Hello all, here is a photo from 26 January 2006 of my first SOTA activation. I was M3KFB/P using a Kenwood TH-G71E handheld with a longer rubber duck type antenna (can’t remember the model) on G/NP-029 Sharp Haw and logged 26 contacts on 2M FM including GW, GD and five S2S QSO’s.
My 1st activation was on November 1st 2013.
I activated the 6 pointer Mt. Adi in the good company of my two SOTA mentors Ignacio EA2BD and Santi EA2BSB.
Since I didn’t have my SOTA gear ready yet, I used Ignacio’s.
I want to publicly thank very much Ignacio and Santi for their mentorship during my first steps into SOTA activating.
My first activation wasn’t that easy. I had a number of unsuccessful activation attempts from February to November of 2016. It looked like nobody was willing to answer my cq-sota calls, initially on 2m FM, later on 20m SSB. Here is a picture from a field trip to sota summit Motka, E7/BO-049. The trip was enjoyable, but the sota score was embarrassing zero contacts, zero points.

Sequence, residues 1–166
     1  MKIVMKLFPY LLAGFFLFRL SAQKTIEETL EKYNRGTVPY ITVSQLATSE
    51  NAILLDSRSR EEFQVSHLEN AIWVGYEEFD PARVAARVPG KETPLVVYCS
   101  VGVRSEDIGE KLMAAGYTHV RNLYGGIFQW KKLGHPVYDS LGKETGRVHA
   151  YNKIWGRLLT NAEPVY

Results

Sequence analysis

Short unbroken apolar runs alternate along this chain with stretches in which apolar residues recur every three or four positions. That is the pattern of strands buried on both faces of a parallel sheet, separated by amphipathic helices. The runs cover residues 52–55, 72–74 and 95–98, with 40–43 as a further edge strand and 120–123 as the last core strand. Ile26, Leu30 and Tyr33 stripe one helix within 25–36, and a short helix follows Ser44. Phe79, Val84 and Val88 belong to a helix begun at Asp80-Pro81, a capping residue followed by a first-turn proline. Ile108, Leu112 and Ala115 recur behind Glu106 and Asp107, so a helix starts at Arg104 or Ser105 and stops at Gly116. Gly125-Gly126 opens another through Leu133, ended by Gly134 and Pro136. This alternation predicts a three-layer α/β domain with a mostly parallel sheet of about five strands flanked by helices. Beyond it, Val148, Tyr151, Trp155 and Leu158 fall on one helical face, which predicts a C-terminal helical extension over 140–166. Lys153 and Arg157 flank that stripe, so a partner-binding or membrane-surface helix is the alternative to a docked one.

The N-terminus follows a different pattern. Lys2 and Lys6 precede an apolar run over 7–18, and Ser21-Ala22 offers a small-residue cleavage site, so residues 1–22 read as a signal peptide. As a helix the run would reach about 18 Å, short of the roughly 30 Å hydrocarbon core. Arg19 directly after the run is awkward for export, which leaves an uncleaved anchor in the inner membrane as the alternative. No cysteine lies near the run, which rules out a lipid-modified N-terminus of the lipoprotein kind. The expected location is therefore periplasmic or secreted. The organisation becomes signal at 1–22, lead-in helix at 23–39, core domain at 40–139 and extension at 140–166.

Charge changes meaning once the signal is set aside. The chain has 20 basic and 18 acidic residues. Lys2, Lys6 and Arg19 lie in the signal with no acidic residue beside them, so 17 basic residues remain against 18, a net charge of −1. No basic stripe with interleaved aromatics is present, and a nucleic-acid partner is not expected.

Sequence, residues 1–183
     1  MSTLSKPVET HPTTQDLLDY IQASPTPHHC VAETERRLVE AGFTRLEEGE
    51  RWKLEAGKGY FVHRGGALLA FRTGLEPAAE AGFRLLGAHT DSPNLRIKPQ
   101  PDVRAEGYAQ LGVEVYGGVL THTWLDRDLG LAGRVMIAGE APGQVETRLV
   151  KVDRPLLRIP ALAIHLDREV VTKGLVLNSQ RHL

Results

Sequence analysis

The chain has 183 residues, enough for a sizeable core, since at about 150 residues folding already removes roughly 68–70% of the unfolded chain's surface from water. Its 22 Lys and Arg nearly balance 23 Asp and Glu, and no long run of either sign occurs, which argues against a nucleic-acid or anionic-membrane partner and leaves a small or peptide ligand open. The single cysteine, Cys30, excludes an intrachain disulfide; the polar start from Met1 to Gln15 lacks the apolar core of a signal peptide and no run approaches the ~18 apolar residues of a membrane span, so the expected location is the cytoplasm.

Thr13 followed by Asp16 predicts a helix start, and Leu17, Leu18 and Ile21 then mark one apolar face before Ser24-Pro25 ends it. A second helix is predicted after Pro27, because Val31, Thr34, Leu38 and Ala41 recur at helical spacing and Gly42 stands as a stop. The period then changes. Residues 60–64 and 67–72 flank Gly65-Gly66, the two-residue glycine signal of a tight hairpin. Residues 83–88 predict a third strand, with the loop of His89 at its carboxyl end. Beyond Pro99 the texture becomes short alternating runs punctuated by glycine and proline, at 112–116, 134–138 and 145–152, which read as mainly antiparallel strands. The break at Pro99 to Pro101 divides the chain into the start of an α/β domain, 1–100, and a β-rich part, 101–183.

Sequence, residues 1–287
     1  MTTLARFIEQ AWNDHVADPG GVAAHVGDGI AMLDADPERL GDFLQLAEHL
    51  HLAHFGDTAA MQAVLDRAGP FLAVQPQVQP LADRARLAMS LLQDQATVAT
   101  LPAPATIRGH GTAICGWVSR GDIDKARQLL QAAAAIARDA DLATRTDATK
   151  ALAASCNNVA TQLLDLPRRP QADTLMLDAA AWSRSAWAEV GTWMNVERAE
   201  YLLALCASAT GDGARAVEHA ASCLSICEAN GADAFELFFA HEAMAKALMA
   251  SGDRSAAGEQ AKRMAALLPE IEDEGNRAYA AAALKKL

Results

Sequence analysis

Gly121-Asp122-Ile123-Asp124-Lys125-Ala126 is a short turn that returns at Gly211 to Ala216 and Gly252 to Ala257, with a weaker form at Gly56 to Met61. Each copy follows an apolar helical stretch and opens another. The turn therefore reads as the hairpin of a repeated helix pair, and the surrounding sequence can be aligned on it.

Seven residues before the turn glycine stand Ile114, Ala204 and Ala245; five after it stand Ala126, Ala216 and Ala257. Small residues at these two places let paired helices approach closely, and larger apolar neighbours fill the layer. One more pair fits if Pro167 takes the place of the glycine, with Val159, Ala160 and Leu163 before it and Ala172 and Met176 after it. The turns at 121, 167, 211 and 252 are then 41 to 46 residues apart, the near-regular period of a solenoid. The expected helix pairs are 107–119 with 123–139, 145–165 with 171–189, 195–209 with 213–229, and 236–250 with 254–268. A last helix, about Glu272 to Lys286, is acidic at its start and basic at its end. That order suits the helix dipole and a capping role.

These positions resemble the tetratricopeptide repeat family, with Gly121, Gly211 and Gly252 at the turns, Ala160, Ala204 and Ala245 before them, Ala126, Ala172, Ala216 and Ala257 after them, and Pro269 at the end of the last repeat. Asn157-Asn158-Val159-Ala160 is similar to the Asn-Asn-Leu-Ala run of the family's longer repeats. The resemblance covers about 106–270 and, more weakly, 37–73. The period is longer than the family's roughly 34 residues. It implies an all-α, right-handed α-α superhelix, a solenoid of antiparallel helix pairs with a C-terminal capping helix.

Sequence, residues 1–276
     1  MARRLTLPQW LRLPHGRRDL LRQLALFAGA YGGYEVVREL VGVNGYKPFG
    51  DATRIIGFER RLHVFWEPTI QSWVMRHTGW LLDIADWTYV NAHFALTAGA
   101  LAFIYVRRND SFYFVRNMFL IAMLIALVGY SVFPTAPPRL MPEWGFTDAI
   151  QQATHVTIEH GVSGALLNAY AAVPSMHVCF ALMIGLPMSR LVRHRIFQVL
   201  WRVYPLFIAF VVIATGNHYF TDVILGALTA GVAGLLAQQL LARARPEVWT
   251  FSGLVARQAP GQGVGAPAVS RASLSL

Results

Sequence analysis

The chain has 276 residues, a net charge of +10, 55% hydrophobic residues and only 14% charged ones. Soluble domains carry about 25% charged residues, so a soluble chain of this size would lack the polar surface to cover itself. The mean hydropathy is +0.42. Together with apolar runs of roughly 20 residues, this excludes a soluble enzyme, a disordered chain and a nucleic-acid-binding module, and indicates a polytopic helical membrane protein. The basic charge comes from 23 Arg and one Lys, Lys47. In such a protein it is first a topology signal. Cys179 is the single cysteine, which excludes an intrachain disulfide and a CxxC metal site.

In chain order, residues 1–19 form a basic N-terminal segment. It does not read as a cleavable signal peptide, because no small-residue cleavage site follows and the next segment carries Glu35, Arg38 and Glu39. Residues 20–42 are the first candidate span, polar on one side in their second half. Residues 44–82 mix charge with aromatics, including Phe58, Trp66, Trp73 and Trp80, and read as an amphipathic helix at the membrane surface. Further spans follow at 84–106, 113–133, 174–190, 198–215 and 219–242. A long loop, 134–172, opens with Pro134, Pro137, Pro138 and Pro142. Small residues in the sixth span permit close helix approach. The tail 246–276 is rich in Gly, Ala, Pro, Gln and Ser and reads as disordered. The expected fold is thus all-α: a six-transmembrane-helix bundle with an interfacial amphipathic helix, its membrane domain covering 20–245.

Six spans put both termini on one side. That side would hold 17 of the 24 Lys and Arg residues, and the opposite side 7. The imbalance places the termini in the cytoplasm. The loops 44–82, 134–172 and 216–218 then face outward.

After another unsuccessful attempt (could not even find a road to Vitreuša, E7/BO-014), we visited a nearby sanctuary and, as you can see, I contemplated deeply about my problems while inappropriately sitting on the bench.
Was it just by chance or St. Jacob guided me, but soon I found an old, very primitive straight key (which I’d used during my Morse code learning days, back in the seventies) and switched to CW SOTA activations. Well, the rest is history of E7 SOTA activations…
G/NP-014 Rogan’s Seat. 4pts +3 winter bonus in March 2015. I used an FT-817 with an MFD on VHF only (oh and how could I forget the SLAB! LiFePO is probably the best upgrade I’ve made). 5 contacts in half an hour.
I was a very inactive radio amateur until I discovered SOTA (I think I saw an article in RadCom). For me it combined 2 activities perfectly and has certainly increased my participation in both.